Merkel and East European Leaders Discuss Migrant Crisis in Brussels


BRUSSELS — Chancellor Angela Merkel of Germany met here on Sunday with leaders of East European countries along the main migrant trail to affluent parts of Europe in a new push to bring some order to a chaotic flow of tens of thousands of people seeking shelter from war or simply a better life.

The gathering, called at Ms. Merkel’s behest by the European Union’s top executive, Jean-Claude Juncker, was the fifth consecutive meeting of leaders focused on so far fruitless efforts to deal with Europe’s biggest refugee crisis since the end of World War II.

Voicing despair at Europe’s failure to forge a common policy, Miro Cerar, the prime minister of Slovenia, which has been swamped by 60,000 people from Syria and elsewhere over the past 10 days, said that continued failure to act in concert would signal “the beginning of the end of the European Union and Europe as such.” Europe, he said, “will begin falling apart.”

The European Commission, the union’s executive arm, has proposed a raft of plans and programs since the early summer to deal with the migrant crisis but a wide chasm has opened up between talk in Brussels and real action on the ground.

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A Family Swept Up in the Migrant Tide

This summer, as the Majid family left Syria for Europe, The New York Times followed the group through weeks of defeat and triumph, disillusionment and determination.


In the five months since the Commission first announced a plan to relocate 40,000 refugees from Greece and Italy to other European countries, for example, only 87 people have so far been moved. At the current pace, it would take more than 750 years to relocate the 160,000 asylum-seekers covered by a now expanded resettlement plan.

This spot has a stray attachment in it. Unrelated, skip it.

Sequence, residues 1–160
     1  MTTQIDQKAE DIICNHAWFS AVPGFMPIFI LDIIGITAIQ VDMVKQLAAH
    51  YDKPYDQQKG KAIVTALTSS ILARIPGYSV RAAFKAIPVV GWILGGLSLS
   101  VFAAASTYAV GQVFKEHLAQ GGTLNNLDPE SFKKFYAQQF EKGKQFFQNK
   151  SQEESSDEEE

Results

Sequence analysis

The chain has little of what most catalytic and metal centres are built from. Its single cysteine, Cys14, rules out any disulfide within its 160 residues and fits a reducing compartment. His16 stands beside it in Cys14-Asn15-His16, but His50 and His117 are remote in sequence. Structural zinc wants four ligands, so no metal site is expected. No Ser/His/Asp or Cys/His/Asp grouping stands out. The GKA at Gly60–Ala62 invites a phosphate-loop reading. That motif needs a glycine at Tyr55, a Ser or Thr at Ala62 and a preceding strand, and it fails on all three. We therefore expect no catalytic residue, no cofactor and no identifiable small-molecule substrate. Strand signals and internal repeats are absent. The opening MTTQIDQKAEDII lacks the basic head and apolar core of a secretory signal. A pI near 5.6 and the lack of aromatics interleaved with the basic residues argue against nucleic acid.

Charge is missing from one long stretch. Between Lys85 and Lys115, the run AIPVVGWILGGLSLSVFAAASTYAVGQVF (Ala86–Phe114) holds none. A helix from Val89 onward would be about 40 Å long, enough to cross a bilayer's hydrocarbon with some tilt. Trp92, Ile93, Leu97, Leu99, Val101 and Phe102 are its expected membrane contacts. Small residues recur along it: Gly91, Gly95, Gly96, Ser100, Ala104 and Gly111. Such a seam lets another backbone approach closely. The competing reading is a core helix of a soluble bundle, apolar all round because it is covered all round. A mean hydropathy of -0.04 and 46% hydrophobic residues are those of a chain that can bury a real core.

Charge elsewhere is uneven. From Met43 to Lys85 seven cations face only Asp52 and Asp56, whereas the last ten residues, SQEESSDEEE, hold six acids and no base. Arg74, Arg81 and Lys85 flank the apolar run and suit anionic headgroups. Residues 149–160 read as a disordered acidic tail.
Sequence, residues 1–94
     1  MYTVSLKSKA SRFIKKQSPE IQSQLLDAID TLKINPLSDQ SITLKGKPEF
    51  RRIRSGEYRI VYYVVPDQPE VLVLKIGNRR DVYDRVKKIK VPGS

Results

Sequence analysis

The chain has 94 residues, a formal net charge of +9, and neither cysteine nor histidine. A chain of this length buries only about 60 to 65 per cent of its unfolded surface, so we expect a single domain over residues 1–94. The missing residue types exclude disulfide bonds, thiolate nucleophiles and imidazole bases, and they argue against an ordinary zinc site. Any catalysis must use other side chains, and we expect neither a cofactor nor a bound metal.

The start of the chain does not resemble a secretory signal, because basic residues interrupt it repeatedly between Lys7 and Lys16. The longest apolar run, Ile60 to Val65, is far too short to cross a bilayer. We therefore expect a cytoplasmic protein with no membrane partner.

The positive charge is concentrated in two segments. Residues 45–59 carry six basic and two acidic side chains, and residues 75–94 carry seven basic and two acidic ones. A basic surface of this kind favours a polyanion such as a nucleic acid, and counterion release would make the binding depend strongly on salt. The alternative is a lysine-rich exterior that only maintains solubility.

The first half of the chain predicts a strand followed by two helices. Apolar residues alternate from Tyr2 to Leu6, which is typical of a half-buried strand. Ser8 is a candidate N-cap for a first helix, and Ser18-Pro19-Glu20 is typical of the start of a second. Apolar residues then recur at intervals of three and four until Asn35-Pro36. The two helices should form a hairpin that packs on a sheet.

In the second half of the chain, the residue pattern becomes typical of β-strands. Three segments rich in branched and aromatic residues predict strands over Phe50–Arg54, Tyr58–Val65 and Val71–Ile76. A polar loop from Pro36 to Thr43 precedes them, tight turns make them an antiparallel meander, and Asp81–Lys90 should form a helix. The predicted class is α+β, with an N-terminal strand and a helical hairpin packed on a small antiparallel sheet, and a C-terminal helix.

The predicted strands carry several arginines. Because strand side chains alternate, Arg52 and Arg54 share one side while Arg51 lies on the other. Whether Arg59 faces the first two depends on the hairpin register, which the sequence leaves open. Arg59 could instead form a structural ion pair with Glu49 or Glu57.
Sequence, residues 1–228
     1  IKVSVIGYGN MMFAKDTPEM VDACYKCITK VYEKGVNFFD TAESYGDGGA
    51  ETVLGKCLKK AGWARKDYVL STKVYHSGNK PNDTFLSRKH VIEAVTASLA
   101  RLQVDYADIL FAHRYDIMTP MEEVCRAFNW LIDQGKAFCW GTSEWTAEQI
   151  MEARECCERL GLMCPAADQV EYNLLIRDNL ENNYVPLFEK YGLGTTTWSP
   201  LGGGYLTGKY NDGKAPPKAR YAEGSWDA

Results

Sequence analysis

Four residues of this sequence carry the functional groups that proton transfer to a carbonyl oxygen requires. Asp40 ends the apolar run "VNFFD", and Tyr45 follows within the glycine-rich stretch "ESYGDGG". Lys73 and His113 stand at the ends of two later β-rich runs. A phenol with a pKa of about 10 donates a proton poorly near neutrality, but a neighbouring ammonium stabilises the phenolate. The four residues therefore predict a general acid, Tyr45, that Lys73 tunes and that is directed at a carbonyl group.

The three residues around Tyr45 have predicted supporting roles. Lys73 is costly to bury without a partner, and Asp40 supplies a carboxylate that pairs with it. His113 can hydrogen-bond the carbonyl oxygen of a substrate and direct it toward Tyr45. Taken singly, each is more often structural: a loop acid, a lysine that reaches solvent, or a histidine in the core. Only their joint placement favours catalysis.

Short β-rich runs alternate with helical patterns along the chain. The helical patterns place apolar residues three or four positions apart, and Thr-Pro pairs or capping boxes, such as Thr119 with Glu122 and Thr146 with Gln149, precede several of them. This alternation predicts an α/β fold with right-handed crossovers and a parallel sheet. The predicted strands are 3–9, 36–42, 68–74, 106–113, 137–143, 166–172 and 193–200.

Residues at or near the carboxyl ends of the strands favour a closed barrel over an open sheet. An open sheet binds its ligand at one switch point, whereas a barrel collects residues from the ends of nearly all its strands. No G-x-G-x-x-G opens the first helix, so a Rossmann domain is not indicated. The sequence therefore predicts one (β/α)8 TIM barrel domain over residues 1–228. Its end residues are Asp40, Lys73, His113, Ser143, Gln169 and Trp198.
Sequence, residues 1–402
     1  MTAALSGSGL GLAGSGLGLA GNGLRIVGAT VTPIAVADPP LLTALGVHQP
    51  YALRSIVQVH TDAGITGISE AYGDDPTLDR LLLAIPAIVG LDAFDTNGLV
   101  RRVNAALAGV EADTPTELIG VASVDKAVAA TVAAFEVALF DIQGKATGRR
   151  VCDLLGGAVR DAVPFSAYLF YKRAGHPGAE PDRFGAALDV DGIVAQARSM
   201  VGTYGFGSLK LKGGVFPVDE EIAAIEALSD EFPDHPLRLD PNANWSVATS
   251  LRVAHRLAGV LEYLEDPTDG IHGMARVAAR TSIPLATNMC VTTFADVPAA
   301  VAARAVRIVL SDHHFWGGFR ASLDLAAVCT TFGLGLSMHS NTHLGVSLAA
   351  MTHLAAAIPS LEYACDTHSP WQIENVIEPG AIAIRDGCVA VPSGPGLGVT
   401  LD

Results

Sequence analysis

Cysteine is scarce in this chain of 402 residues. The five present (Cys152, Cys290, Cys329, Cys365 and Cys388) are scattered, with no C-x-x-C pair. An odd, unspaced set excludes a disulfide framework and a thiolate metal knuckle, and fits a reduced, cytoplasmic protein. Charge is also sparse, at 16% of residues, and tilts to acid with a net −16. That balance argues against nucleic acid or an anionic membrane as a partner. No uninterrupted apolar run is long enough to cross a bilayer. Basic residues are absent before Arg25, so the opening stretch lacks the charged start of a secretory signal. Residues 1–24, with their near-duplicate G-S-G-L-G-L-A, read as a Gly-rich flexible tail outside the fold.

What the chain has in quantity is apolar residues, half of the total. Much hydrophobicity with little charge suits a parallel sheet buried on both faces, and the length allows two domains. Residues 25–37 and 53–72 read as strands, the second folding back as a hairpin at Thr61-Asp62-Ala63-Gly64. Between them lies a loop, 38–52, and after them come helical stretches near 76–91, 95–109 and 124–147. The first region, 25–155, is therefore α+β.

Arriving in Brussels on Sunday, Ms. Merkel added her own powerful voice to calls for solid action instead of statements. But while insisting the emergency meeting should focus on “practical questions,” she cautioned that it would not be possible to resolve the “whole question of refugees,” because that would require talks with Turkey, which was not represented at the Brussels meeting.

Even so, she said leaders needed to find a way to help people who were “erratically wandering around, often under excruciating circumstances” and better share the burden of providing for them among the various nations involved along what has become known as the “Balkan Route.”

At home, Ms. Merkel faces growing pressure from within her conservative bloc, which has suffered in opinion polls because of the crisis. Support for the chancellor’s Christian Democratic Union has dropped to its lowest point in three years, according to one prominent German polling firm.

Recent weeks have seen a rise in the number of far-right attacks in Germany and the tone of the political discourse has become increasingly raw, worrying security officials and raising questions over the chancellor’s insistence that the country can handle the influx of asylum seekers, expected to reach at least 800,000 this year.

Unlike previous meetings devoted to the migration issue, Sunday’s gathering of 11 leaders included not only countries that belong to the 28-nation European Union but others outside the bloc, Albania, Macedonia and Serbia. “Exceptional times demand exceptional measures,” Ms. Merkel said.

Gjorge Ivanov, the leader of Macedonia, through which most asylum seekers pass on their way from Greece to northern Europe, said 10,000 people are now entering his country each day. “If we don’t stick together we will all hang separately,” he said, citing Benjamin Franklin.

Warning that the flow of refugees will only increase as a result of intensified fighting in Syria, Johannes Hahn, the European Union’s senior official for regional policy, pleaded Sunday for a “coordinated and coherent answer” and said that attempts by individual nations to stop the flow would only turn other countries into “parking lots” for stranded migrants. “Don’t look for individual solutions. This is not a way out,” he said.